Philip Ball is the author of Life's Matrix (FSG, 2000); Bright Earth (FSG, 2002), a finalist for the National Book Critics Circle Award; and, most recently, The Devil's Doctor (FSG, 2006). He lives in London with his wife.
What can physics have to say about how people behave in groups, how networks such as the Internet evolve, and why the stock market fluctuates, among other questions? According to Ball (Designing the Molecular World; contributor, Nature and New Scientist magazines), a lot. The application of physical methods to social problems isn't particularly new, as the author demonstrates, beginning with Hobbes's attempt at a scientific explanation of politics. The development of statistical measurements of society paralleled the growth of statistical physics; as Ball puts it: "physical science and social science were the twin siblings of a mechanistic philosophy and when it was not in the least disreputable to invoke the habits of people to explain the habits of insensate particles." With that in mind, Ball explores recent applications of statistical physics toward a study of social physics. He draws on a wide body of contemporary literature that includes physical approaches to traffic, economics, group dynamics, and politics. While the physical application to the social sciences is not alien, as physics explains the behavior of particles and phase transitions, can it explain human behavior? Ball goes further to suggest that whatever we may make of individual behavior, "once we become part of a group we cannot be sure what to expect"; there are social forces affecting one's behavior that the individual cannot understand, e.g., something as mundane as clapping after a performance (why does it get louder and softer?). Ball has written an elegant synthesis that goes a long way toward illuminating why physicists are exploring social questions and the implications of their work. Highly recommended for both academic and public library science collections.-Garrett Eastman, Rowland Inst., Harvard Univ. Copyright 2004 Reed Business Information.
Ball (an NBCC award finalist for Bright Earth) enthusiastically demonstrates how the application of the laws of modern physics to the social sciences can greatly enrich our understanding of the laws of human behavior: we can, he says, make predictions about society without negating the individual's free will. He opens his lucid and compelling study with an account of Thomas Hobbes's mechanistic political philosophy and shows how Adam Smith, Kant, Auguste Comte and John Stuart Mill expanded on Hobbes's scientific but anti-utopian theories of government and society. Ball notes a return to such a scientific view of the social sciences in the past two decades, and he examines the application of physical laws to economics, politics, even the inevitable synchronization of a theater audience's applause. First, he exhaustively details the development of key concepts in contemporary physics, such as self-organization, phase transitions, flocking behavior, chaos, bifurcation points, preferential attachment networks and evolutionary game theory. Next, he shows how social scientists apply these concepts to the study of human organization. Ball's primary assertion is that we must attend to the relationship between global phenomena and local actions. In other words, noticing the impact of individual decisions on laws and institutions is more worthwhile than trying to predict the behavior of individuals (as Ball's discussion of the logic of voting habits makes all too clear). Ball's carefully argued disagreements with conventional economic theory make for particularly engaging reading. Nonspecialist readers who enjoy a steep learning curve will relish the thought-provoking discussions Ball provides. Photos, illus. Agent, Russ Galen. (June) Copyright 2004 Reed Business Information.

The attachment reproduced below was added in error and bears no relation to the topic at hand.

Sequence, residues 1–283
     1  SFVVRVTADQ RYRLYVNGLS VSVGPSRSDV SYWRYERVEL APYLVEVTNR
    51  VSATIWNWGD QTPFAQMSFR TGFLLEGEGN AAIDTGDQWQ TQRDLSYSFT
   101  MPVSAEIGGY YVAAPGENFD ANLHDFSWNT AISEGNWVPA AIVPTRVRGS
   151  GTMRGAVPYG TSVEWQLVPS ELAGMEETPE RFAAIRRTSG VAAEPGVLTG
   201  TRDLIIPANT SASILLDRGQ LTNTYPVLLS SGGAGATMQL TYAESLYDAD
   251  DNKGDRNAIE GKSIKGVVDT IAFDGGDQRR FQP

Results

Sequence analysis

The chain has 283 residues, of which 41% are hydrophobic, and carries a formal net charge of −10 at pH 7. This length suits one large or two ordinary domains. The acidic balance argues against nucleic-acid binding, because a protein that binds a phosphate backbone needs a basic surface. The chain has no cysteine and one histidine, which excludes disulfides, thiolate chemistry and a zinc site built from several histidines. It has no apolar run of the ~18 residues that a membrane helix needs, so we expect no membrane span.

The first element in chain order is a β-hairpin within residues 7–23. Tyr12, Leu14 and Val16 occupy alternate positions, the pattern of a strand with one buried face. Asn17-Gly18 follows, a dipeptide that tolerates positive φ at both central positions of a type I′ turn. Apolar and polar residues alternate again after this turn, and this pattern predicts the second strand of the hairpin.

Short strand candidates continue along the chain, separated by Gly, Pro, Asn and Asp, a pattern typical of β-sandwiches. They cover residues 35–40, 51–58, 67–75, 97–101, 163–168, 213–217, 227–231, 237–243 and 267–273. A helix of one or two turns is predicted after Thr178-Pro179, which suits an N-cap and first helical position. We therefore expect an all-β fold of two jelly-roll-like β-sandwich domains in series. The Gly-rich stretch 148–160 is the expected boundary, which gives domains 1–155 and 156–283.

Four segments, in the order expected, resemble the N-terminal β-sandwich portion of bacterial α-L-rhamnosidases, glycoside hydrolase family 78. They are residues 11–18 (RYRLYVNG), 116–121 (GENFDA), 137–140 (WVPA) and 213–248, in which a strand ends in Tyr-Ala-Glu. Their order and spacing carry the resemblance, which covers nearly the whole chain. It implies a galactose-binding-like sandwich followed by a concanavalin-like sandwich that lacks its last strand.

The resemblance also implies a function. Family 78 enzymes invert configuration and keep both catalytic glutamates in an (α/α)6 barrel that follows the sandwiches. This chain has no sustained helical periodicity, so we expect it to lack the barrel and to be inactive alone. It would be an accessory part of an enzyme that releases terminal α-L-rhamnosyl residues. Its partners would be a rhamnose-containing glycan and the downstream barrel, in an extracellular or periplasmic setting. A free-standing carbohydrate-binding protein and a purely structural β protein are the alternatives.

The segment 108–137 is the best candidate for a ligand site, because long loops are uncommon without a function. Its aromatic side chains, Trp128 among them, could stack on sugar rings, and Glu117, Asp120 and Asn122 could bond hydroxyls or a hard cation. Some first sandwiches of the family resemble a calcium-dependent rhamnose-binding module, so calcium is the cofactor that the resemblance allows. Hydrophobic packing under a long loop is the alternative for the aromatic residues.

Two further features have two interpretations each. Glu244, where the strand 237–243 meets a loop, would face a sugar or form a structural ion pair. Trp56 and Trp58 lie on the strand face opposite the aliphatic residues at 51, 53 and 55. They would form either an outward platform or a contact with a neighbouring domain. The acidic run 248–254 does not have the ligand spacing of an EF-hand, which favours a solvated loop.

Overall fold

"A wide-ranging and dazzlingly informed book about the science of interactions. I can promise you'll be amazed." --Bill Bryson, chair of the 2005 Aventis General Prize Judging Panel "Philip Ball makes physics sexy again in Critical Mass." --Elissa Schappel, Vanity Fair "It's lively and wonderfully informative." --George Scialabba, The Boston Globe "Fascinating. . . impressively clear and breathtaking in scope. . . substantial, impeccably researched . . . persuasive. For anyone who would like to learn about the intellectual ferment at the surprising junction of physics and social science, Critical Mass is the place to start." --Stephen Strogatz, Nature